firework-safety-logo

  • Tip #1 is to leave the fireworks to the professionals. If you want to enjoy a fireworks celebration, attend a public display. Your biggest risk here will be getting stuck in traffic.
  • If you like fireworks, get the legal kind. You can always identify legal fireworks by their being labeled with the manufacturer’s name and address. Also don’t try to make your own fireworks. Doesn’t that just sound like a formula for disaster?
  • Speaking of disasters, if you are going to use fireworks, don’t drink alcohol until everything’s done. Think about it. Alcohol + fire + explosives by design aren’t meant to have a happy ending.
  • Store your animals. They will become spooked by the fireworks and can have their hearing damaged by the blasts or otherwise hurt themselves escaping.

200338612-001

  • If you allow fireworks in the home, don’t allow use by kids – or do so at your own risk. Did you know that sparklers, which many parents allow as a “safer” alternative to firecrackers, can get as hot as 1,800 degrees Fahrenheit?
  • Keep any fireworks outdoors, and keep a water supply nearby. These things cause fires.
  • Here’s a common mistake: do not light fireworks while holding. This is how your hands get burned or fingers get blown off.
  • Wear eye shields when using fireworks. Folks have lost vision and eyes playing with fireworks.
  • Do not keep fireworks in your pocket, as the friction can ignite them.
  • Never point fireworks at anything other than the sky or an open space. Buildings can catch on fire, and individuals will be injured.
  • Do not light fireworks in glass or metal containers. They explode and end up stuck in people.
  • Only attempt to light one firework at a time.
  • Never attempt to relight a dud. If it ends up not being a dud, it can fire unpredictably. If you have a dud, soak it in water for twenty minutes before attempting to discard it.
  • In fact, soak all fireworks in water prior to trashing them.
  • Do not allow kids to pick up fireworks after an event. You and they don’t know if any are still active.
  • Finally, remember that fireworks are not legal everywhere. You’re rather check and be safe then be fined or arrested if your activity is discovered.

fireworksinjuries

To be complete, here are some tips in the unfortunate event that an injury occurs as a result of fireworks.

  • Go to the closest major medical center immediately. This is an example of “time is tissue.” Don’t dally at home, and I’d recommend not even stopping at the closest emergency room. In the example when your eye or limb is at risk, you’re going to want to be at a trauma and/or burn center.
  • If an eye injury occurs as a result of fireworks, don’t rub or otherwise touch it. You’re more likely to cause additional damage than do anything constructive. Along the same line, don’t spend the time attempting to flush your eyes. Grab a shield or anything that can be used to protect the eye, and get to the emergency room. If you have sustained this injury, your eye is at risk.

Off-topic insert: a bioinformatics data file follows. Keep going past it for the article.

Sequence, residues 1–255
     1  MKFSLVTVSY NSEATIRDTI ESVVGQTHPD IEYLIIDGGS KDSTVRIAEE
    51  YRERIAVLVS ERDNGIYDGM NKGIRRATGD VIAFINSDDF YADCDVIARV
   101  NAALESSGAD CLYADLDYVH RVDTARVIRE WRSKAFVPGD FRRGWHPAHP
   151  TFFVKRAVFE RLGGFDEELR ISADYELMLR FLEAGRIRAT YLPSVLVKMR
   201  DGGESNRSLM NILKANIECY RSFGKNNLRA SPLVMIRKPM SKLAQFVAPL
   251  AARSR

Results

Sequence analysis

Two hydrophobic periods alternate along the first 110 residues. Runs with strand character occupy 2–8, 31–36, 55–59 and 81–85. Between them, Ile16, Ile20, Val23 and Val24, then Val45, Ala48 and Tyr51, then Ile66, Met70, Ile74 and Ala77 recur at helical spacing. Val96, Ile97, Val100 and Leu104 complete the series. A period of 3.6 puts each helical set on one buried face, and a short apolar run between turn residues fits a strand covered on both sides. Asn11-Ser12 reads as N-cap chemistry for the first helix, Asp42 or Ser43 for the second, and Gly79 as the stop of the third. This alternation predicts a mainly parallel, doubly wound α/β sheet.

• If a minor burn occurs as a result of fireworks, remove clothing, and avoid ice. If you have access to water while waiting for an ambulance, run cool (not cold) water over the burn.

fireworksforpros

Happy Fourth of July, and I hope you feel that way at day’s end.

Thanks for liking and following Straight, No Chaser! This public service provides a sample of what 844-SMA-TALK and http://www.SterlingMedicalAdvice.com (SMA) offers. Please share our page with your friends on WordPress. We are also on Facebook at SterlingMedicalAdvice.com and Twitter at @asksterlingmd.

Straight, No Chaser: Toxic Shock Syndrome

toxicShock1

Straight, No Chaser has addressed Staphylococcus (aka Staph) infections on several occasions; in fact, Staph is the microorganism that is responsible for all those MRSA (methicillin-resistant Staph Aureus) infections that the general public holds in such fear. Toxic shock syndrome is also primarily caused by Staph. The early take home message is you just don’t want to get this infection, and you would really do well to learn and practice preventive measures to avoid Staph infections. You may not have known it, but part of your big talks with your children about hygiene (e.g. feminine hygiene and keeping object out of your body) occur with this in mind.
Toxic shock syndrome (TSS) is a very serious disease combining fever, shock and dysfunction of several bodily organ systems. There was a time when TSS was a much bigger deal, back when extra absorbent tampon usage was very high. Tampon usage has declined as the dominant cause of TSS, but TSS cases are still around and are every bit as dangerous. The toxic part of the name refers to Staph (or in a similar syndrome, an organism called Streptococcus) releasing a toxin that travels through the body causing havoc. Picture a microorganism releasing a series of hand grenades into your blood stream, and you’ll get the picture.
Having an infection is not enough to develop toxic shock syndrome; not everyone with a Staph infection develops TSS. Here are risks for developing the disease.

 toxicshocksyndrome6

  • Burns
  • Menstruation
  • Presence of foreign bodies or packings (e.g. “lost” tampons, surgical tissues or any other objects in your body parts, nasal packings used to treat nosebleeds)
  • Recent childbirth
  • Staph infection
  • Surgery
  • Tampon use (especially if you leave one in for a long time)
  • Wound infection after surgery

 toxicshockhands

There’s not a lot of guesswork with a patient with toxic shock syndrome. The other meaning of toxic in the name is patients are very ill. By the time they come in for treatment, they tend to be confused with a low blood pressure. They may exhibit nausea, vomiting and diarrhea. High fever, chills, muscles, headaches and a violent-appearing rash resembling sunburn are to be expected. Untreated, the toxins can cause seizures and failure of multiple organ system of the body.